On first glance the second half of our text tonight doesn’t seem to have much to do with the first story, but I think there is. Jesus moves from a house in the city to a beach, people keep following Him, and He keeps teaching them, He calls Levi, who’s better known to you and me as Matthew, a tax collector, and Levi follows Him. Now we might not see anything very shocking in that, but to the Jewish leaders of the time, tax collectors were really one of the worst sorts of people. The tax collectors were seen as national traitors who had sided with Rome instead of Israel to make a few bucks. These tax collectors essentially stole from their own people to live a good lifestyle. The scribes and Pharisees would have been outraged to see Jesus calling men like Levi to Him.
But the story gets worse for the religious guys in 15 and 16 and it came to pass that as Jesus sat at meat in his house many publicans and sinners sat also together with Jesus and His disciples, for there were many, and they followed Him, and when the scribes and Pharisees saw Him eating with publicans and sinners they said unto His disciples; ‘how is it that He eateth and drinketh with publicans and sinners.’ I picture this like a bad hip hop video. People are drinking and partying, people are not wearing enough clothes to have decently left the house, there’s a dude wearing a white suit lying on some pillowa.. From that background we can see why the scribes and Pharisees, the religious temple guys, would have questioned Jesus once more. Maybe they’ve heard His teaching and found Him interesting, or even have some respect for what He’s saying, but they do not have a category for a man like Jesus who hangs out with tax collectors, publicans and sinners. They may not be impressed, they are certainly confused. Jesus answers them with words that we need to listen to, with words that should scare us and make us look at ourselves hard.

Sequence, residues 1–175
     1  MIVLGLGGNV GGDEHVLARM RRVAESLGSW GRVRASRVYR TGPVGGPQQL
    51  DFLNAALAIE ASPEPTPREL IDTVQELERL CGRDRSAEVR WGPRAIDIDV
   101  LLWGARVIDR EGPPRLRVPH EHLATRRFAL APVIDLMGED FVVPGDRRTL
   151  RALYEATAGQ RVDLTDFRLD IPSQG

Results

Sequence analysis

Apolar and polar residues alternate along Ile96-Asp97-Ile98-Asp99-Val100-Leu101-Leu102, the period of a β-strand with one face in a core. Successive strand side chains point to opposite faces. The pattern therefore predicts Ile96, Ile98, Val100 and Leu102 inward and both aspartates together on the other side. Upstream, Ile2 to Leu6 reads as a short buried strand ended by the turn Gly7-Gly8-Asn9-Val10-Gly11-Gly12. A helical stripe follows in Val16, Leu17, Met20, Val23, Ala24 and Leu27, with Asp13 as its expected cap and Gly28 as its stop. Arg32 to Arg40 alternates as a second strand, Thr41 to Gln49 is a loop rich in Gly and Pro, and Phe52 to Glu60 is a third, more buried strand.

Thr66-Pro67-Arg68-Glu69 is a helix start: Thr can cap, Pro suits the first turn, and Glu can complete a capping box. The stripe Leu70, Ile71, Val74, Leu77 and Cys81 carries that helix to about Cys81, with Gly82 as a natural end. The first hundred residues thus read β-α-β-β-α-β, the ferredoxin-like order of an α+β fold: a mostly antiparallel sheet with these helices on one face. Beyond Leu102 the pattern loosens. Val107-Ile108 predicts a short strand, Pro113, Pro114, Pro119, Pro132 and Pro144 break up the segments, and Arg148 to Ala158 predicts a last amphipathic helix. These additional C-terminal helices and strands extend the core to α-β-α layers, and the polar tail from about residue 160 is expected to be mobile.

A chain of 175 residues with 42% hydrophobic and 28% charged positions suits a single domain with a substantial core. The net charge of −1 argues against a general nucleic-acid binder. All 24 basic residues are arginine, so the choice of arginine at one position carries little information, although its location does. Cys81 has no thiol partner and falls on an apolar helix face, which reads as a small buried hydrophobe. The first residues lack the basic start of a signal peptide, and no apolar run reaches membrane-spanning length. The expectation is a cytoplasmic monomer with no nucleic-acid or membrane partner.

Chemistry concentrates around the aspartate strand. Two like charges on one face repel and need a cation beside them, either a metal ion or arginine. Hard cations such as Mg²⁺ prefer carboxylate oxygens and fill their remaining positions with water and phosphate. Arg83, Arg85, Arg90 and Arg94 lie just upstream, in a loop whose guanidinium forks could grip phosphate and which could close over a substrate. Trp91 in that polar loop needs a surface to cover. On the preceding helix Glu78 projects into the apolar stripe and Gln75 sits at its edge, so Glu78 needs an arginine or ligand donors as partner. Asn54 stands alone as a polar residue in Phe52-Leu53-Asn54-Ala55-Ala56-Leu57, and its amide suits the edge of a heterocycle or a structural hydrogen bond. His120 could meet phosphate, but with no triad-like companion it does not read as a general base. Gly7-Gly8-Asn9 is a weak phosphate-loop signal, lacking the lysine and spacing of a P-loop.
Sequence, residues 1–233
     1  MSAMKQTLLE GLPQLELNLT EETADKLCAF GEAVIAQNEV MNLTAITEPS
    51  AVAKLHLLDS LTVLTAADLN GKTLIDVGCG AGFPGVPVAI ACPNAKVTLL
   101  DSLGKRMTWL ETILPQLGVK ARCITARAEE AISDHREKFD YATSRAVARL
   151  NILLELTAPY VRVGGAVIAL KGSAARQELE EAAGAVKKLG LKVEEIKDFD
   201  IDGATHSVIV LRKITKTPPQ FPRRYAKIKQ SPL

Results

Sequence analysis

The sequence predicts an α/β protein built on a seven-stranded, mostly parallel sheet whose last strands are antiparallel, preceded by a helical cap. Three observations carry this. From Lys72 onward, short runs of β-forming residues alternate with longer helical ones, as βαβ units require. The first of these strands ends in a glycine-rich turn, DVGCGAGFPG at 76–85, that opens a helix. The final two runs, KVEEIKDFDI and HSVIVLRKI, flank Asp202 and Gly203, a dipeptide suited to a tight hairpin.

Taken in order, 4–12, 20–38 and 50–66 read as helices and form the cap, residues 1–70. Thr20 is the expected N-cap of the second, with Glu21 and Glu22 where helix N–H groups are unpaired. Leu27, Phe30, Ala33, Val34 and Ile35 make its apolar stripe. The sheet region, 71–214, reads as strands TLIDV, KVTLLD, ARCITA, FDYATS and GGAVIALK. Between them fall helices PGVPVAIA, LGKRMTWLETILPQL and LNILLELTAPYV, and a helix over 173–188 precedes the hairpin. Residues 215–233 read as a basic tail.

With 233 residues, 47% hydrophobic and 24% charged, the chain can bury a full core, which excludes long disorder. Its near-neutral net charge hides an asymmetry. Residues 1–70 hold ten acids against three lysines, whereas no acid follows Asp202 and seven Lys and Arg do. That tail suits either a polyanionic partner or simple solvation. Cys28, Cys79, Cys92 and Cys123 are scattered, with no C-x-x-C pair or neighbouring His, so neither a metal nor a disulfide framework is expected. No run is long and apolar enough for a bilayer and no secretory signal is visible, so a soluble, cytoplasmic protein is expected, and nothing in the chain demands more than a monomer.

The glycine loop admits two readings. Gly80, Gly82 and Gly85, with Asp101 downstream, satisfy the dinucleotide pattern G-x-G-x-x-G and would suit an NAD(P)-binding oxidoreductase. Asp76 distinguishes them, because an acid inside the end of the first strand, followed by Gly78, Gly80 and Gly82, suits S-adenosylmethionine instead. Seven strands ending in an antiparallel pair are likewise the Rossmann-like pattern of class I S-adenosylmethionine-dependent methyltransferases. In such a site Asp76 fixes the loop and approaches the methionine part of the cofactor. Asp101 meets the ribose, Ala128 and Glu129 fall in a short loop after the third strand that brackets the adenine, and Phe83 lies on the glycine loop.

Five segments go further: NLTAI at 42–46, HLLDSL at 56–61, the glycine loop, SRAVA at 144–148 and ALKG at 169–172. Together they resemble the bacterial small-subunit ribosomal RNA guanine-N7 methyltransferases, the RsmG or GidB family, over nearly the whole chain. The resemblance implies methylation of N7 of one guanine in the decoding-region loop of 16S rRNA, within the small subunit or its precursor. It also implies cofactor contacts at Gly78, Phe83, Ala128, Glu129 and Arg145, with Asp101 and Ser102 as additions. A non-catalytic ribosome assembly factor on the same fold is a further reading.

Verse 17 says when Jesus heard it He saith unto them, ‘they that are whole have no need of a physician, but they that are sick: I came not to call the righteous but sinners to repentance.’ Jesus came to call sinners to repentance. Sinners. Not people who reckon they’re ok because their grades are up and they’ve opened the Bible on their own for ten minutes this week. Sinners. Not the religious types from Israel, but the sinners from Israel. The lowest of the low. We see it in our passage this evening, Jesus heals a man with the palsy, calls a tax collector and eats with sinners and publicans. All the time the religious crowd is standing on the fringes questioning and criticizing.
In our passage tonight Jesus treats a sick man by forgiving His sins, and treats sinners like a doctor. That’s why He closes in verse 17 by saying them that are whole have no need of a physician, but them that are sick. There is a greater sickness in the world than physical sickness. Being seriously ill is an awful thing and when Jesus returns all sickness will gone forever. But there is something worse. Jesus leaves us here by calling attention to our bigger need, our deeper need. The need to have our sins forgiven. He comes not to call the righteous, but sinners to repentance. So if we, like the religious leaders of the time here think we are righteous, think that we are doing ok, think that we don’t need any help, we need to be careful, we need to be worried, because what we’re saying is we don’t really need Jesus. But here’s the wonderful news. If you woke up this morning, or any morning feeling awful because of your sin, feeling that there is no way out for you because of what you’ve said, and thought and done. If you’re feeling right now that you’ll never, ever be as good as these church folks, then you are in exactly the right place. Then Jesus came for you. He came for you, the sick sinner, if we come to Him in repentance we have nothing to fear.
Letters to the Editor (Hymnals and Tributes to Mom) - I continue to receive Letters to the Editor that cover a variety of subjects. Today, though, I’m narrowing it down to two: what we gained and lost when we ...
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